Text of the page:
Judge sentencing Insulate Britain protesters ‘inspired’ into climate action

Insulate Britain protesters were praised by a judge for their commitment to greener living as 12 were fined over a demonstration which disrupted the journeys of an estimated 18,000 drivers on the M25.

The eco group blocked traffic, including an ambulance carrying a patient, by sitting across Junction 3, a busy interchange on the motorway, on September 29.

Some demonstrators glued themselves to the tarmac while one, Biff Whipster, stuck himself to a police car.

Nine of the activists admitted charges in relation to the protest either by post or in person at Crawley Magistrates’ Court on Tuesday.

Mary Adams, 68, Ian Bates, 63, Karen Matthews, 60, Margurite Doubleday, 67, Bethany Mogie, 39, and Xavier Gonzalez-Trimmer, 21, and Lucy Crawford, 52, each pleaded guilty to wilful obstruction of free passage of the highway.

Whipster, a 54-year-old from Canterbury, admitted criminal damage by leaving a “hard, crusty layer of glue” on the window of a police vehicle during the demonstration.

Bates, Matthews and Whipster were told by District Judge Stephen Leake they had “inspired” him after making impassioned speeches about their concerns over the climate while representing themselves in court.

But the judge added that his role was to “apply the law” and said their actions had caused “significant disruption” to the motorway.

“I have heard your voices.

“They have inspired me and personally I intend to do what I can to reduce my own impact on the planet, so to that extent your voices are certainly heard,” the judge said.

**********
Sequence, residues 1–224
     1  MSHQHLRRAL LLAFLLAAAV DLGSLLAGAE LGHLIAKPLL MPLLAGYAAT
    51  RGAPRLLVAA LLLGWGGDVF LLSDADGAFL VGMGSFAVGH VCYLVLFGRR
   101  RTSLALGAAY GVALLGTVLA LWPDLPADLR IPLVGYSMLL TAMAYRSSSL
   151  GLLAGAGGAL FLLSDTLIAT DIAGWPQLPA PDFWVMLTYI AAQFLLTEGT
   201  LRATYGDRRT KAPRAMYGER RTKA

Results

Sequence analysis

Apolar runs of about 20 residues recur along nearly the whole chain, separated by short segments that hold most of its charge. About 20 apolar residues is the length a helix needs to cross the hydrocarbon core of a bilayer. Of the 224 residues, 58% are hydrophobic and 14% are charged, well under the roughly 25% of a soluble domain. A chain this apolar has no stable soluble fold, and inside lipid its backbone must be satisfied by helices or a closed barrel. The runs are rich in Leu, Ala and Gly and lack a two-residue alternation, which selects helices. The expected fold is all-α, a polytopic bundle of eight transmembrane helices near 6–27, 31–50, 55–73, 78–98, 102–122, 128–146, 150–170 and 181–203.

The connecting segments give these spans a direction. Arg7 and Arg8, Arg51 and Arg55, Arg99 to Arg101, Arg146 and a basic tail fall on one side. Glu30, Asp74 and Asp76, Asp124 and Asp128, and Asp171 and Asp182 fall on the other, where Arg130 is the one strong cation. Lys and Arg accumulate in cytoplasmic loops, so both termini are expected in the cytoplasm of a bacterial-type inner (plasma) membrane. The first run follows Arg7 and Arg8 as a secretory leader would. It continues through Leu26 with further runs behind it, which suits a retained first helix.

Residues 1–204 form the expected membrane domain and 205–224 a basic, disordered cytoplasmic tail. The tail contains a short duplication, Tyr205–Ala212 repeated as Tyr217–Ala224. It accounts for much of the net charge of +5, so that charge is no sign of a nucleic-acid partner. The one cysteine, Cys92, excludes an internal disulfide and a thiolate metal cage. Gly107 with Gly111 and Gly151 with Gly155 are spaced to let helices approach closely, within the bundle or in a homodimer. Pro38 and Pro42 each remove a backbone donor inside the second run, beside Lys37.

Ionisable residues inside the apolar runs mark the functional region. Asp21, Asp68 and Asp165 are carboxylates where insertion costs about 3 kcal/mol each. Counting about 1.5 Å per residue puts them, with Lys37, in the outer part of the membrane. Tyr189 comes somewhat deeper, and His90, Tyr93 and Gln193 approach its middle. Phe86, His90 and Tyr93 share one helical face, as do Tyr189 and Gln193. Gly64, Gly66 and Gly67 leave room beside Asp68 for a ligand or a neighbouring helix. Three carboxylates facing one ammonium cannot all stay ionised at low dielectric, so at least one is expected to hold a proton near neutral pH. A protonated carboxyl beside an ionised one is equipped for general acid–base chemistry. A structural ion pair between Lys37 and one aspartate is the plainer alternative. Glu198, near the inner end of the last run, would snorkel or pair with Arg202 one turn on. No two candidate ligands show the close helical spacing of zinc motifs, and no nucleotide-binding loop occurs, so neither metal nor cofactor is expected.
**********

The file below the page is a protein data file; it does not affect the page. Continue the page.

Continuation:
“These are difficult cases for us judges because we have to apply the law and that is what we have sworn our judicial oaths to do.”

The court heard how a number of protesters had been spotted before the chaos unfurled “hiding in woodland” near the junction by police officers.

Prosecutor Kat Shields said two were asked whether they were there to demonstrate to which they replied: “No, we are just nature lovers.”

But the group then ran into the middle of the road and spread out across two areas of the junction, bringing traffic to a standstill, the court heard.

An ambulance carrying a patient who “urgently needed to be transported” was delayed when Adams refused to move out of its path, with officers having to “drag” her out of the way, the prosecutor said.

The cost to the economy caused by the disruption was about £4,603, with an estimated 18,000 vehicles affected across the wider area, according to evidence from National Highways.

Protesters attending court, all of whom sat in the public gallery throughout the hearing, claimed they had exhausted all other means of campaigning over the climate crisis and resorted to “non-violent protest” to highlight their cause.

Tissues were passed around by a member of court staff as several broke down in tears and held their faces in their hands while fellow activists voiced their fears over a “desperate” environmental situation.

“I’m living in an insane world,” Bates said.

The words ‘Insulate Britain’ spray-painted on Crawley Magistrates’ court(Luke O’Reilly/PA)

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